politics

Homeland Security Chief Kirstjen Nielsen Has Resigned, Here’s What Happened Under Her Tumultuous Tenure

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Department of Homeland Security Secretary Kirstjen Nielsen is stepping down in a move that signals the end of a controversial tenure. During her short time as secretary, Nielsen oversaw the “zero tolerance” policy in 2018 that resulted in the separation of thousands of families attempting to cross at the US-Mexico border. President Trump tweeted about Nielsen stepping down amidst reports that he wasn’t satisfied with her performance. This comes as the number of Central American people illegally entering the country has surged, which was a big factor in Nielsen’s resignation. While Nielsen might be leaving, the damage to the U.S. immigration system is done and the victims of the cruel policies are forever changed by the experience. Here’s Nielsen’s legacy at DHS.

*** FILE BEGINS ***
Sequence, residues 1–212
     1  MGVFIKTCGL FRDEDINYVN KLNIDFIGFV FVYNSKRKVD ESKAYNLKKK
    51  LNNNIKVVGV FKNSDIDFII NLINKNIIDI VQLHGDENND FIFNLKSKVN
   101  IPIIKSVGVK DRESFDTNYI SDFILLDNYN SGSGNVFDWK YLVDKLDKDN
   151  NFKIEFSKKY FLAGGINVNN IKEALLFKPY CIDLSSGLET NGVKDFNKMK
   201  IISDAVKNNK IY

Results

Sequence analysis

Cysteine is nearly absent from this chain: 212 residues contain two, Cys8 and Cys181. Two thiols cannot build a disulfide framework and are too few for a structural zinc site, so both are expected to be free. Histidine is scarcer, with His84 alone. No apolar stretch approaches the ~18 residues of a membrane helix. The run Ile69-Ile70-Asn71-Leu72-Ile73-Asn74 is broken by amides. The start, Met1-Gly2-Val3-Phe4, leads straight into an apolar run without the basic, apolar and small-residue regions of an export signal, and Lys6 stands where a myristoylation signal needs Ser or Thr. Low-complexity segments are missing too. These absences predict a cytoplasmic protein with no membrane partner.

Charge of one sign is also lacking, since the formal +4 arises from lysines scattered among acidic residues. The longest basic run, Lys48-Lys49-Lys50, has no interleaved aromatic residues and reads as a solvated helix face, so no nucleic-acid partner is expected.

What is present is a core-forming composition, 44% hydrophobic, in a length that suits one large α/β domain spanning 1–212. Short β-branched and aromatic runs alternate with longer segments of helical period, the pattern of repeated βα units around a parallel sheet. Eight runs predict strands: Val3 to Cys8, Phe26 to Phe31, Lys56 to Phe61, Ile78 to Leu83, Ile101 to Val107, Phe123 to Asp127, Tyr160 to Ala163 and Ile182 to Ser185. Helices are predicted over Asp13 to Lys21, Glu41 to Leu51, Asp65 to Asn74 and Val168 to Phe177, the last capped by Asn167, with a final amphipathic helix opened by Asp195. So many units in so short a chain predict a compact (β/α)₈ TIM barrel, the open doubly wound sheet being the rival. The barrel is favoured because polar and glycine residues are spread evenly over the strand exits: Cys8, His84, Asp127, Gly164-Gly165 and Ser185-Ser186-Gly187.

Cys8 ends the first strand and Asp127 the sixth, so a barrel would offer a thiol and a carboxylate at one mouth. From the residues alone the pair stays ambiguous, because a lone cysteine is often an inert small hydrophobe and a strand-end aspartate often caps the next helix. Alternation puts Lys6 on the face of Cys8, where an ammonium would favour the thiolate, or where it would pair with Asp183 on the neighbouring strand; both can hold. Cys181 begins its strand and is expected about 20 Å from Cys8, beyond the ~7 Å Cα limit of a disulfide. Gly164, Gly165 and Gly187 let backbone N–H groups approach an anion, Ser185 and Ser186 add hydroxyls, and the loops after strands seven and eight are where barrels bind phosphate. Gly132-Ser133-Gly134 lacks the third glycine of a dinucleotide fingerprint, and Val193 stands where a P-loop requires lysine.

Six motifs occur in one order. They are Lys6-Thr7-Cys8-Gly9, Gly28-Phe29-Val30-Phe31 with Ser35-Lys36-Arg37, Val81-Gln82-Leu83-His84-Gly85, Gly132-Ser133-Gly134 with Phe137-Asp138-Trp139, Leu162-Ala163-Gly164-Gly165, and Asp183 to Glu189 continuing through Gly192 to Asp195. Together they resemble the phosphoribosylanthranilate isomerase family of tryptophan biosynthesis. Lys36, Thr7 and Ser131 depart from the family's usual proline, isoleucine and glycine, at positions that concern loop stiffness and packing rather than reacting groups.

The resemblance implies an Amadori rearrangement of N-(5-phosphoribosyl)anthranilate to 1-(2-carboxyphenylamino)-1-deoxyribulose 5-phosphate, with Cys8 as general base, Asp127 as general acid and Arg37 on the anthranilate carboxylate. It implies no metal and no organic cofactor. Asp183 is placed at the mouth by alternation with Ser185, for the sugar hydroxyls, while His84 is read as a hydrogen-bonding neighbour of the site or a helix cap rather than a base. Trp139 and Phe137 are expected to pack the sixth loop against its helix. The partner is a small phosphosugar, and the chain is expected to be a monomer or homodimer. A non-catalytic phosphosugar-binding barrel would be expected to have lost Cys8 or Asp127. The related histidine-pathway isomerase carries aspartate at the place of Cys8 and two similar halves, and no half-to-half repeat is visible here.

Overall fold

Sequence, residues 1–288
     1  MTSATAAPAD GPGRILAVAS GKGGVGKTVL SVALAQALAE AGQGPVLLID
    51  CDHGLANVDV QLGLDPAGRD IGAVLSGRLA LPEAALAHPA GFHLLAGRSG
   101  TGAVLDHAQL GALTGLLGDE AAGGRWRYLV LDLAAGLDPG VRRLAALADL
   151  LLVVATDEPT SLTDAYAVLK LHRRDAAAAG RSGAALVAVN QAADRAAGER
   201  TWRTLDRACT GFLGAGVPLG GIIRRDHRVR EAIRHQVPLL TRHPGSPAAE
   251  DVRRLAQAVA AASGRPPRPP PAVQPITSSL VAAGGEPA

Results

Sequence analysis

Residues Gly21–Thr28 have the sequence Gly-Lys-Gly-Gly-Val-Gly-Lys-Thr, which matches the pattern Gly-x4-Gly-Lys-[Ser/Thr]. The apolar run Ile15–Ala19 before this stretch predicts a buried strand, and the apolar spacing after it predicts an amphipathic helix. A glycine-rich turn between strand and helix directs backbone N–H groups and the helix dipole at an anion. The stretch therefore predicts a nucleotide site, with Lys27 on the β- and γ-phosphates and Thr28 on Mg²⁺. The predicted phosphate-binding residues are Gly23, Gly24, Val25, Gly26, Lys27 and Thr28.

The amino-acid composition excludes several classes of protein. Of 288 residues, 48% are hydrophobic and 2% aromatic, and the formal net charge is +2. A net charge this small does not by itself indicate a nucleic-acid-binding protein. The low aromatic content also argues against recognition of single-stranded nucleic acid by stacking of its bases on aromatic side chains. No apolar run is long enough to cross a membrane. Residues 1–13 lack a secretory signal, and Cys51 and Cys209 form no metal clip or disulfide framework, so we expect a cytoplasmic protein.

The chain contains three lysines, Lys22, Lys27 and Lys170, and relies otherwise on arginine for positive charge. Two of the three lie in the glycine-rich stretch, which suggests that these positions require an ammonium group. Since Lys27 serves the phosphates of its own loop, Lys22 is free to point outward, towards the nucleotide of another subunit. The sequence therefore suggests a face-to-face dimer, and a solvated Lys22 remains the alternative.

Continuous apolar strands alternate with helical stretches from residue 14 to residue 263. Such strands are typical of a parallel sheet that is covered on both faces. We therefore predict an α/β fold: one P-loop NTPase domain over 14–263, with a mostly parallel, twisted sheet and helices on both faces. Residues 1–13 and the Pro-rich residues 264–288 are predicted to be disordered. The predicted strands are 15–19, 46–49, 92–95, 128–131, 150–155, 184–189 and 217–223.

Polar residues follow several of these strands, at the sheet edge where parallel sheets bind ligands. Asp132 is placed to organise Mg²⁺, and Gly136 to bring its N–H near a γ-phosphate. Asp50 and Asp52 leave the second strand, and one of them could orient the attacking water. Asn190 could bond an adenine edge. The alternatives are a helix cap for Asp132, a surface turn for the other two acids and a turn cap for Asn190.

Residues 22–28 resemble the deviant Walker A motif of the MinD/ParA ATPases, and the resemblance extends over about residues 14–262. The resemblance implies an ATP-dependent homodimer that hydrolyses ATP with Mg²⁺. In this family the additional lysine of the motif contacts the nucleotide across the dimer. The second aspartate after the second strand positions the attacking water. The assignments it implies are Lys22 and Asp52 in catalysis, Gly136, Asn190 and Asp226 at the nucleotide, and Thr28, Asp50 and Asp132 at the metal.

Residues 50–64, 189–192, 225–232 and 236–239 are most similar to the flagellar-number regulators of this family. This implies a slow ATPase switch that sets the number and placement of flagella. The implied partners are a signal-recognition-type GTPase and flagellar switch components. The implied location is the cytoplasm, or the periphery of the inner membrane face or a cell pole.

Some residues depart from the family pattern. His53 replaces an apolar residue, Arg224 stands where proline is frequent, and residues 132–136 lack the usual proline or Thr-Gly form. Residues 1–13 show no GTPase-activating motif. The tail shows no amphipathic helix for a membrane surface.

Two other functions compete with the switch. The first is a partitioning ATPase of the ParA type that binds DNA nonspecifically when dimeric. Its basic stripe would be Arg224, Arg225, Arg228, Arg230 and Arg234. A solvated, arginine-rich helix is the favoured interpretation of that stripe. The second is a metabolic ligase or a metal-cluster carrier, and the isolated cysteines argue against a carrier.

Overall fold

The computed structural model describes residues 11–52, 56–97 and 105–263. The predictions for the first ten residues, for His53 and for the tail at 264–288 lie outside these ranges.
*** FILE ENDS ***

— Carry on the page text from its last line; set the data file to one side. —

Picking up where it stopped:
More than 2,700 families were separated, two children died, and troops were deployed to the U.S.-Mexico border during Kirstjen Nielsen’s leadership.


Credit: @MariaTeresa1 / Twitter

Nielsen will be remembered for overseeing the widespread separation of children from their parents at the U.S.-Mexico border last year. More than 2,500 children were separated from their parents, including families legally presenting themselves at the border for asylum. Then-Attorney General Jeff Sessions announced the program in May 2018. President Trump later folded and rescinded the policy after pressure from both parties.

She had defended the “zero tolerance” policy for border crossings and continued to insist there was no official policy for separating families. However, the fact remains that the Trump administration did implement the policy and Nielsen’s Department of Homeland Security enforced it.

As the number of asylum seekers grew and caravans headed to the U.S-Mexico border, Nielsen requested more help.

Credit: @MrFilmkritik / Twitter

Last October, 5,200 troops were deployed to support 16,500 Customs and Border Protection (CBP) officers along the southern border to help with the incoming caravan. Many called the move an election-year ploy to incite hatred and fear.